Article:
“She had a passion for the business, and that was still burning brightly,” he said.
So Olonoh pulled a name out of his super-size Rolodex. A name from both of their pasts.
He recommended she ring fellow North Central High School classmate Duane Hunt, who had worked with Olonoh at several tech firms and was former vice president and general manager at Formstack.
“Duane is great at business operations and has a lot of experience with fast-growing companies,” Olonoh said. “He’s been over customer support and success and sales. He’s been in roles where he has created enterprise sales structures from scratch.
“Aimee is great at the heart of the business: speaking and community outreach. Duane is good at combing leads, finance and operations. I thought they could be the perfect match,” he added.
Olonoh was right. Hunt started at WhatFriendsDo in January as chief operating officer, and the move has breathed new life into the firm. Kandrac said he’s been critical in growing the company through new customers and expanding relationships with current customers.
In addition, the company added features to its platform — including one that proved to be key for dealing with COVID-19.
In January, WhatFriendsDo started planning to integrate live video. That feature launched in April and allows a person in a hospital or otherwise isolated to video-chat live with one or more supporters. It also allows the sick person or a supporter to post a video message.
Users say the platform is now a one-stop shop for communicating during illnesses or other crises — combining all the function of Facebook, a Go Fund Me page, Zoom and more. Kandrac said the key is that users can access WhatFriendsDo without getting mired down in all the other content on a social media platform such as Facebook.
“Duane has been an incredible help,” Kandrac said. “He helped set us on the right course.”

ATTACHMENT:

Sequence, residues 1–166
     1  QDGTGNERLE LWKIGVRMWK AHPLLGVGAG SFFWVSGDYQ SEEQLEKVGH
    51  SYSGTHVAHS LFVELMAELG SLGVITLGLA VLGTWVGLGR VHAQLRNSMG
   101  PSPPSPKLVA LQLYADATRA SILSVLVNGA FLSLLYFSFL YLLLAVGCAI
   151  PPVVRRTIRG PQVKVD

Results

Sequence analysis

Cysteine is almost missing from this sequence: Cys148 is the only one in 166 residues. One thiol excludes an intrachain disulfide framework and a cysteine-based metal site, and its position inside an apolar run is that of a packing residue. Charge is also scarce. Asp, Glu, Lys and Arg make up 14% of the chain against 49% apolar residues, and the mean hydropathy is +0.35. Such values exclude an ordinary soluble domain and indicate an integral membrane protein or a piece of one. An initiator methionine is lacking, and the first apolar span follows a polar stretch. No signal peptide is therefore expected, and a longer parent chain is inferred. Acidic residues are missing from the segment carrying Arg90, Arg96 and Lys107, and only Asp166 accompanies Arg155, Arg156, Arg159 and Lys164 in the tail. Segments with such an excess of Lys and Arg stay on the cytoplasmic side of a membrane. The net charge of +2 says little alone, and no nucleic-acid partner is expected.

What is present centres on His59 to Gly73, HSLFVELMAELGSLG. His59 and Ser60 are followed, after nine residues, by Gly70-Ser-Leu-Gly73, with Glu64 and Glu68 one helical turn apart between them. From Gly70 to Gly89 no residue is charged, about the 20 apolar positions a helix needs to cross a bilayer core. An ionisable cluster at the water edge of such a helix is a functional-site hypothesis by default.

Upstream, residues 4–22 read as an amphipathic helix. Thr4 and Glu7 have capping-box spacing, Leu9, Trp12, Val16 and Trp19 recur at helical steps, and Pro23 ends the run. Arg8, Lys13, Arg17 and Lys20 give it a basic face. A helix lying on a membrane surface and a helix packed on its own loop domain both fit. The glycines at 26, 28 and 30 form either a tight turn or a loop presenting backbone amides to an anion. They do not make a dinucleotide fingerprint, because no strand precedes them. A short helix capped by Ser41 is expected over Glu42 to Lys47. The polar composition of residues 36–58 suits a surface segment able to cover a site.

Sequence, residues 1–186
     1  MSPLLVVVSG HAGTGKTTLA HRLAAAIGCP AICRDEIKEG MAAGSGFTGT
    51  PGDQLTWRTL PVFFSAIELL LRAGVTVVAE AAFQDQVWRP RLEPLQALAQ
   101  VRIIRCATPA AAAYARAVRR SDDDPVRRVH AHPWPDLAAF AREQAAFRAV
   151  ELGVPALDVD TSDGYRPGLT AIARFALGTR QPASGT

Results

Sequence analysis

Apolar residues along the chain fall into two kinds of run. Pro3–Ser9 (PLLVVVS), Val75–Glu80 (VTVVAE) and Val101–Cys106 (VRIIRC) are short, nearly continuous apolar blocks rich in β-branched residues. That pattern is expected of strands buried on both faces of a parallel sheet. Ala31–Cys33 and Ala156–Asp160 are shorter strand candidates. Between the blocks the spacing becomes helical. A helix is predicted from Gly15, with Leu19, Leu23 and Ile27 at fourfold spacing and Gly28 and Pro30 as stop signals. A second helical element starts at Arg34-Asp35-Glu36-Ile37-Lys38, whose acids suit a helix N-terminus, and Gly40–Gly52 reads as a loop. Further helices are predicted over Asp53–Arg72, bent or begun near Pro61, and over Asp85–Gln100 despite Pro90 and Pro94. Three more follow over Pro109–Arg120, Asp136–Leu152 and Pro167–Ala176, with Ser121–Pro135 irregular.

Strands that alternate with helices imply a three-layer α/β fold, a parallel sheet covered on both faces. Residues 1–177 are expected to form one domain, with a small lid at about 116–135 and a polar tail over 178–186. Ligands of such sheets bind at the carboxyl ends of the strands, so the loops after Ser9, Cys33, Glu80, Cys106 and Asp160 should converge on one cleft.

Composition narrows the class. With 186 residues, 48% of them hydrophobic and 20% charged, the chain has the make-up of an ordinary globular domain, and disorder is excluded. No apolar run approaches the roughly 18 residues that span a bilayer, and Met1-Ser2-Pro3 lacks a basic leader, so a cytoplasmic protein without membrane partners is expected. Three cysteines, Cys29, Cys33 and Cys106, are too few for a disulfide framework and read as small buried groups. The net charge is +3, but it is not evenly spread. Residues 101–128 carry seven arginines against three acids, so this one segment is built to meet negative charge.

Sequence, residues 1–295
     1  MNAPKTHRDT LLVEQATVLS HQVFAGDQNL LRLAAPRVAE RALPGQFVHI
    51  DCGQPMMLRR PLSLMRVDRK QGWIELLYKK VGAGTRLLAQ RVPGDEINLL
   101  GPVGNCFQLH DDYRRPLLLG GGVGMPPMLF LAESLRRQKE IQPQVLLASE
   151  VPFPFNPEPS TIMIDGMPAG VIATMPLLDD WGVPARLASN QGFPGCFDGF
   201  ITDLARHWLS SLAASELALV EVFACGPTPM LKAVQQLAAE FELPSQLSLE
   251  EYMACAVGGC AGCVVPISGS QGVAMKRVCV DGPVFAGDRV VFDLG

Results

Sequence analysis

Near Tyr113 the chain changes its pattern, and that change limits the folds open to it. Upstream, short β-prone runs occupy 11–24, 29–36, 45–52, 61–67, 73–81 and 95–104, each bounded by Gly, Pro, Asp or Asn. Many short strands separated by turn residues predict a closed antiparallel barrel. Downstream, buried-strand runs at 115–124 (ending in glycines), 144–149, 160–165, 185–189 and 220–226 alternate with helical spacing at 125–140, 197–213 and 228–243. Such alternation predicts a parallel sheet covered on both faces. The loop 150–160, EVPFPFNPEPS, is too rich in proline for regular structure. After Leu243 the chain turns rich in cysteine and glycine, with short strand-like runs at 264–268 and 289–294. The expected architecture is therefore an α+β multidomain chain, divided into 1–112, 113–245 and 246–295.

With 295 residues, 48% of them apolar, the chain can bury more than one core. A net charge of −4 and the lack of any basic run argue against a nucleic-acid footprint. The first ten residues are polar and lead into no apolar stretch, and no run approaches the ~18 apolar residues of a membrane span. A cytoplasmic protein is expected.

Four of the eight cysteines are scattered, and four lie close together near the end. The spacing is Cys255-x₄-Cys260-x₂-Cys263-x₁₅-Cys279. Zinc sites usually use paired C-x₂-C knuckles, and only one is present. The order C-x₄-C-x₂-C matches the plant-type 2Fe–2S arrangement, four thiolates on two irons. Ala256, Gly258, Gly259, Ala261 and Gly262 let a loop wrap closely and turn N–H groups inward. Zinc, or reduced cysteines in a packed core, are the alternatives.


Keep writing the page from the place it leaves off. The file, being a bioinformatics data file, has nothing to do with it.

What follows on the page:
Still, like a lot of companies, WhatFriendsDo didn’t quite know what to expect when the coronavirus hit the United States in March.
It turned out to be a catalyst for growth—a big one—when medical patients of all types suddenly became isolated because hospital visitation was severely limited and many pregnant women, elderly and those with compromised health hunkered down at home.
The platform’s new features — the integrated videoconferencing in particular — have been “really amazing for patients who are in the hospital for testing or treatment and are isolated,” Kandrac said. “During COVID, it’s been a game-changer.”
Her first priority now, she said, is the users. And several users told IBJ Kandrac is often personally available to help with problems.
“For (the users of the platform), life hasn’t stopped. Things are still happening in life and people still need support and to share information,” Kandrac said. “It has forced people online and we have this great opportunity to support people in this online world, even from a distance.
“Feeling support from loved ones when you’re alone in the hospital is really hard. We can help with that.”
Caregivers, too, get a boost from the platform.
“Caregivers tend to be the benefactors more than the patient,” Kandrac said. “The burden of life tends to fall on them. They still have to go to the grocery, take the trash out and keep the household running. And they have to deal with helping the patient get through this journey. If they know they have the support that’s needed, they can spend more time helping the patient heal. This is something we’ve seen in quite a few scenarios.”